Graphic Design in the Realm
of Pulp Fantasy

While many comic book fans, science fiction aficionados, fantasy artists and some designers appreciate pulp sci-fi/fantasy novel and magazine covers from the 50s, 60s and 70s, it’s a world of genius design and visual art that’s often overlooked. These sleazy, sensational and sometimes shocking covers depict barbarians, astronauts, aliens and robots in ways that use both gleeful abstraction and stone-faced realism– but they also feature surprisingly strong design elements that still hold up today.  This article will take a brief look at the history of this art form, explore the design elements that make up its core and discuss how these covers still hold influence in the modern world.





Pulp sci-fi and fantasy covers have their roots in the world of pulp novels and magazines from the 20s, 30s and 40s. These books were the young men’s magazines of their time and their covers were meant to sell a copious amount of copies. They depicted dashing men, sinister gangsters and beautiful women engaged in various acts of violence. Their titles were big and bold, and their taglines grabbed attention with phrases like “She was betrothed to a dead man” and “One beautiful dame, two kill-crazy thugs and three million dollars.” They were similar to many movie posters, but they were much more graphic in terms the sex and violence they suggested. Though these novels and magazines were consumed as avidly as people consume reality television today, the cover artists and designers were often given no credit for their work. Ironically, these non-credited covers were often the strongest selling point of the entire publication. In fact, publishers’ opinions that covers were the most important part of the pulps were tendentious—sometimes the stories themselves were written to reflect the covers instead of the other way around. It must be said, however, that many artists who worked in the pulps went on to become household names.



In the 50s, science fiction and fantasy emerged as a strong entity within the pulp scene. Many covers in this decade showcased a combination of art deco style and a sort of Cold War Futurism, depicting space age cities, flying cars and a variety of rocket ships. This era also saw some classic novels republished with more fantastical covers, which is a trend that has never quite went out of style. Toward the end of the decade and the beginning of the next, some covers began taking on abstract imagery, as demonstrated below.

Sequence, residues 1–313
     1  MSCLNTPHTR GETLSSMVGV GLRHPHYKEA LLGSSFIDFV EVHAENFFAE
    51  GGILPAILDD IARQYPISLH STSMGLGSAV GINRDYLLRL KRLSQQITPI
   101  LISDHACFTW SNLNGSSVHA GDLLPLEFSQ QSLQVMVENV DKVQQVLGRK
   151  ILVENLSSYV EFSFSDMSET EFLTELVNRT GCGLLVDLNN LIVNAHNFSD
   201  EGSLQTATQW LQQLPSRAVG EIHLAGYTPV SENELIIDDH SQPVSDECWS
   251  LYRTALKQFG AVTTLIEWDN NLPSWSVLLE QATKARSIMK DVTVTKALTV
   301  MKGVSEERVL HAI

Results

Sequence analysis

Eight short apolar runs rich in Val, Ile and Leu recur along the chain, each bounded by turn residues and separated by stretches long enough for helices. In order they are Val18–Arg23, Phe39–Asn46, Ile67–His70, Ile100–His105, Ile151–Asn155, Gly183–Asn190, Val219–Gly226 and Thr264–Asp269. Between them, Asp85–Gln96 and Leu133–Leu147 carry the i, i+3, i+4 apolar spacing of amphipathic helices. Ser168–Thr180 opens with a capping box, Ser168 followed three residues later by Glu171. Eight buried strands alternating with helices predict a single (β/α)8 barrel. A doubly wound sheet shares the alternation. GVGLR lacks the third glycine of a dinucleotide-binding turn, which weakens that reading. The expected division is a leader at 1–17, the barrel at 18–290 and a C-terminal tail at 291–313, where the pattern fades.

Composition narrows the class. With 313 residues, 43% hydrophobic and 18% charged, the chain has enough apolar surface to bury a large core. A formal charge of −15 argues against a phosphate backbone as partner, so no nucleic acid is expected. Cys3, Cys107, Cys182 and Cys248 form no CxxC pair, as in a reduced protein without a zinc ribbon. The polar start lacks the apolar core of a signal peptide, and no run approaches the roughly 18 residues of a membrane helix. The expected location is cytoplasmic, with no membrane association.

The mid-60s marked a serious turning point in pulp cover design. As the rest of the world turned psychedelic, the pulps also took on many of those characteristics. Wizards, spacemen and alien worlds were all rendered in striking arrangements featuring strange colors. This decade moved away from the fantastical realism and faux futurism of the 1950s in favor of headier concepts and the pursuit of weirdness. Even Tolkien’s Lord of the Rings trilogy got a makeover courtesy of Ace Books, as demonstrated below.


In the 1970s things really began to take off. Many people see this as the golden age of heavy hitters like Frank Frazetta and Boris Vallejo, who rendered rugged astronauts and savage barbarians with stunning realism. Depictions of monsters became more terrifying, landscapes became more hellish and the violence moved toward a new level of gruesome spectacle. Images of horror started to take center stage, and things just got plain weirder as evidenced here.


In the 80s it seemed like science fantasy digests and novels either moved away from the realm of pulp entirely or took it to an even greater extreme. Since then, the pendulum has moved back and forth several times as far as pulp popularity is concerned. As we will discuss in the next section, many elements of these pulp covers live on today and still hold up very well from a design standpoint.